As applicable, FDA will also post STIC on these web pages for newly approved drugs at the time of their approval.
Susceptibility Test Interpretive Criteria in drug labels – a shift to online updates (Guidance for Industry – Systemic Antibacterial and Antifungal Drugs: Susceptibility Test Interpretive Criteria Labeling for NDAs and ANDAs)
To ensure that the most up-to-date STIC are available, holders of approved drug applications had until December 13, 2018, to remove the STIC information and related information from the labeling of approved systemic antibacterial and antifungal drugs and replace it with a reference to information on these new pages. FDA has published a final guidance to further explain these requirements.
New antibacterial and antifungal drugs approved on or after December 13, 2017 will include a reference to information on these new pages in labeling in lieu of STIC and related information.
Enabling physicians to select appropriate antibacterial or antifungal drugs is critical to individual patient care and public health. Generally, physicians rely on antimicrobial susceptibility testing (AST) performed by clinical microbiology laboratories to help choose an appropriate treatment. STIC are the criteria used to interpret AST results. STIC identify whether bacteria or fungi are considered susceptible or resistant to a particular drug. Bacteria and fungi change over time. When this occurs, STIC need to be updated. Laboratories and AST device manufacturers need to be able to use up-to-date interpretive criteria for the reports provided to physicians to inform appropriate treatment choices. Up-to-date AST results are an important component in addressing the problem of antimicrobial resistance.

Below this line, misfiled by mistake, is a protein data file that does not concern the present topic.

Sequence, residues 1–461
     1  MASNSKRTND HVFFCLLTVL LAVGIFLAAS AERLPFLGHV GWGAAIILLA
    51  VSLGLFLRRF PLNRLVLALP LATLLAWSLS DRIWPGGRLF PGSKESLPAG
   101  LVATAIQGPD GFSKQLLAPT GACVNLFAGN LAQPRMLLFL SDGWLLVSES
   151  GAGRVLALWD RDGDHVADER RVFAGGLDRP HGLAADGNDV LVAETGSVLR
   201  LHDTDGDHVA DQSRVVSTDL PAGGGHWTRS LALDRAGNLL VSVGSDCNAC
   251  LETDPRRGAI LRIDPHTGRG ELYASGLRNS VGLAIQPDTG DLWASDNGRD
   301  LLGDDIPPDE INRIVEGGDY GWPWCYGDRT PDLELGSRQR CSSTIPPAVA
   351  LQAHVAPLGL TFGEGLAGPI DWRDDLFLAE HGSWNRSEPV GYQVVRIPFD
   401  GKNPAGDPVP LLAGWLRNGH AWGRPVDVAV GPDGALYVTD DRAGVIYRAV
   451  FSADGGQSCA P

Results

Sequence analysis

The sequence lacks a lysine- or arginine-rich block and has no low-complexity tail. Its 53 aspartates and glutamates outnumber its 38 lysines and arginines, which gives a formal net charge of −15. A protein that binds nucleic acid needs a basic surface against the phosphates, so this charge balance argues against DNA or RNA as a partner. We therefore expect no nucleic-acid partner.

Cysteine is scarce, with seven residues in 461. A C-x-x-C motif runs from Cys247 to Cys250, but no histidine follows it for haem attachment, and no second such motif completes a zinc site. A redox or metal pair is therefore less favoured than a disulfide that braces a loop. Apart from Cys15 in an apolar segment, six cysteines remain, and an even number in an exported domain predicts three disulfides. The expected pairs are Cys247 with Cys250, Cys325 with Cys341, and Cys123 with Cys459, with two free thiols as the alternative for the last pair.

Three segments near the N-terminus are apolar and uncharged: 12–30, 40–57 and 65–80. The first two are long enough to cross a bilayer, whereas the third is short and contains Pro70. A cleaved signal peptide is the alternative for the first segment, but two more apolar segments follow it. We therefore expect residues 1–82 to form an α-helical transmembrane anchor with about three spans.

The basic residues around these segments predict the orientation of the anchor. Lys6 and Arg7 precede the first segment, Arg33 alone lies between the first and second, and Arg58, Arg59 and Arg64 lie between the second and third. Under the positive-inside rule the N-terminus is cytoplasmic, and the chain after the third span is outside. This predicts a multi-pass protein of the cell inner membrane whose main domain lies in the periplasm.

Before the Cures Act was signed into law, each antibacterial and antifungal drug manufacturer was responsible for updating its drug labeling with new STIC and each device manufacturer updated its device algorithm and labeling only after the drug labeling was updated. This process of updating and re-updating labeling for hundreds of drug and device products was an inefficient means to provide updated information to the practicing community.